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Way beyond yield monitors

Agriculture.com Staff 08/09/2006 @ 10:51am

The electronic revolution that swept across agriculture in the 1970s and 1980s brought with it a treasure trove of sensors, monitors, and controllers that spawned the precision agriculture movement of the 1990s.

And poster child of precision ag, the yield monitor was the "killer application" of electronic technology, says Jess Lowenberg-DeBoer, a Purdue University economist. "It quickly became the must-have accessory for many farmers."

Half the nation's corn crop is now measured by a yield monitor, the USDA estimates. Manufacturers report two out of every three combines leaving factory floors are equipped with such analysis equipment. "Very soon yield monitors with GPS capability will no longer be an option but a standard feature of combines," predicts Scott Shearer of the University of Kentucky.

Helping that prediction come true is a generation of systems that not only are more accurate but also don't require constant recalibration. "Existing sensor technology, including our previous yield sensors, had to be temperature compensated and required frequent recalibration," says Dexter Schaible of AGCO's product management division. "Accuracy on slopes has been questionable at best, and changes in crop flow based on either yield or engine rpm affect yield-sensing accuracy as well."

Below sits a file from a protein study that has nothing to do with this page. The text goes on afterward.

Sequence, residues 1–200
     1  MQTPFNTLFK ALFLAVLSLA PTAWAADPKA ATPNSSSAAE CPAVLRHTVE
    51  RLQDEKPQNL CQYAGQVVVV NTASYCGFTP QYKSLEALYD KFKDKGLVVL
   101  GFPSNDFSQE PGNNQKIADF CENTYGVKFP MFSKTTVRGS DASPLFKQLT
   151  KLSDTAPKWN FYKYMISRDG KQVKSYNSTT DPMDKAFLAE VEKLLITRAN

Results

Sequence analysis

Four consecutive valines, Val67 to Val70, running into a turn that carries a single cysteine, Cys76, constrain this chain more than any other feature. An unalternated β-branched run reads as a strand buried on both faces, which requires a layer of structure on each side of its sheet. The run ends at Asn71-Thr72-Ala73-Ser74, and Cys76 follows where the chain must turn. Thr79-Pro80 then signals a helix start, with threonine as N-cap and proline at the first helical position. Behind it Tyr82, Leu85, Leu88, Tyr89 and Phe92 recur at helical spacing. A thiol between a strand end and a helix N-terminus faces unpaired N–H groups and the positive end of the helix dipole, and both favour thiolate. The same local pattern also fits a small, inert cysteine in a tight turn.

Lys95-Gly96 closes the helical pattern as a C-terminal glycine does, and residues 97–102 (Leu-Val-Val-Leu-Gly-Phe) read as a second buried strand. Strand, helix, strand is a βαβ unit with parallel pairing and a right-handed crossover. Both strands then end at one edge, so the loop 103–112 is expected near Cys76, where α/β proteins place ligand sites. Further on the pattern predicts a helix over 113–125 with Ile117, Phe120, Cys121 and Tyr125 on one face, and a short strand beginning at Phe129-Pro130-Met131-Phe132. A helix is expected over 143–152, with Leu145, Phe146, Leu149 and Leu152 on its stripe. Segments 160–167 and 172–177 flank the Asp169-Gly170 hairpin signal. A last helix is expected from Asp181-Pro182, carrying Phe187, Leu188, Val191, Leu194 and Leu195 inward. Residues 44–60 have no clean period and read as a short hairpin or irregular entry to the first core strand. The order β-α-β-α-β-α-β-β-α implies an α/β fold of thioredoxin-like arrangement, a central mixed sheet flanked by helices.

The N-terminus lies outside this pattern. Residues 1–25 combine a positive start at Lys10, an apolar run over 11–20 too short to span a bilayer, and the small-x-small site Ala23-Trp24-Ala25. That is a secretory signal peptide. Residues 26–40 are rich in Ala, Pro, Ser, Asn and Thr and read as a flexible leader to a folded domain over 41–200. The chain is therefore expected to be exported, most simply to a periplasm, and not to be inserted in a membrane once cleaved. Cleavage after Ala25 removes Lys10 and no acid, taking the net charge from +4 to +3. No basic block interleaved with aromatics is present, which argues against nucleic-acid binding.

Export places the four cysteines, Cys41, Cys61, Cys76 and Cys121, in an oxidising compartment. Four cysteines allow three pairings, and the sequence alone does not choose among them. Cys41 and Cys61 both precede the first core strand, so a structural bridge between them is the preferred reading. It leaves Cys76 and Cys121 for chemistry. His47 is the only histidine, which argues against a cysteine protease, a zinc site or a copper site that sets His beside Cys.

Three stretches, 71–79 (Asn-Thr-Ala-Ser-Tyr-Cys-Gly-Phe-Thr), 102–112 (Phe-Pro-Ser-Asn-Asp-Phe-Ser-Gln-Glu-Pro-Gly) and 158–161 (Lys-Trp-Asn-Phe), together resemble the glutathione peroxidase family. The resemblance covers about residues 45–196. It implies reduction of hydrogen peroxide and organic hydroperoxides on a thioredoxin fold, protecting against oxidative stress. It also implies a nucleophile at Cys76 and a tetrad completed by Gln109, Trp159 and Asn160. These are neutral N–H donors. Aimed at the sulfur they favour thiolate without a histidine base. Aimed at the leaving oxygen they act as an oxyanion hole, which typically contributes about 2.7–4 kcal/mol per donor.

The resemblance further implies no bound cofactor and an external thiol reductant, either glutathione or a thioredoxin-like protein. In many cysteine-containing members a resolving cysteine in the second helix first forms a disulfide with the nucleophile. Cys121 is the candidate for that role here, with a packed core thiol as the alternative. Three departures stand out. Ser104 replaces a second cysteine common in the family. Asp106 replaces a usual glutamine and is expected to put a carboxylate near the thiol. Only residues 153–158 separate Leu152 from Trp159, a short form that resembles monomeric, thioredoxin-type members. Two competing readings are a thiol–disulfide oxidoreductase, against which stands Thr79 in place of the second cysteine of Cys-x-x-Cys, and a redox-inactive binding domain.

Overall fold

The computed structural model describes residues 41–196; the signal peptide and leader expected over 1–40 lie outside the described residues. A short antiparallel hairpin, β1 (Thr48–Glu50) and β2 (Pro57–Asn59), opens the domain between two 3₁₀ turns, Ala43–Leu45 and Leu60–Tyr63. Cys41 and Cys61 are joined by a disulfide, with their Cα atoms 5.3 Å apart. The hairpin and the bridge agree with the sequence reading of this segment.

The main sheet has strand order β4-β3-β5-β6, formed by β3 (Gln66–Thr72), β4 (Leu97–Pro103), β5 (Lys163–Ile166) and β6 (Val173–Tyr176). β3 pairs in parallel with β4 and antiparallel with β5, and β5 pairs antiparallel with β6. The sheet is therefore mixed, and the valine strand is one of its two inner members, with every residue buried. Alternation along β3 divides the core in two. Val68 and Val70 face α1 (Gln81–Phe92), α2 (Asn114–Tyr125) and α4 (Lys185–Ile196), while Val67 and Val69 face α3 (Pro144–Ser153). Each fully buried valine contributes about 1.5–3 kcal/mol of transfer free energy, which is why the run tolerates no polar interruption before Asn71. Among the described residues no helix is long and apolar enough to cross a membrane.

AGCO cured those problems with an advanced mass flow sensor introduced in 2004. "This illustrates the advances the industry has made to make yield sensors that give a frequency response that is proportional to mass flow rate and is constant at different flow rates," Shearer says. "This means you can do one calibration at a flow rate of 10 bushels per minute, and it should be good for 20, 30, or whatever."

The electronic revolution that swept across agriculture in the 1970s and 1980s brought with it a treasure trove of sensors, monitors, and controllers that spawned the precision agriculture movement of the 1990s.

Beyond becoming deadly accurate, grain sensor capacities have grown to detect yields "for almost every crop that can be mechanically harvested," says Lowenberg-DeBoer. That list includes cotton, potatoes, sugar beets and cane, tomatoes, grapes, and most recently, forages.

Today's yield monitors can be precise to within plus or minus 1%. But to reach that level of accuracy, it is essential you check the accuracy of the monitor and calibrate as necessary, urges Nathan Watermeier. The Ohio State University engineer provides a thorough guide to calibration tips at precisionag.osu.edu/resources.

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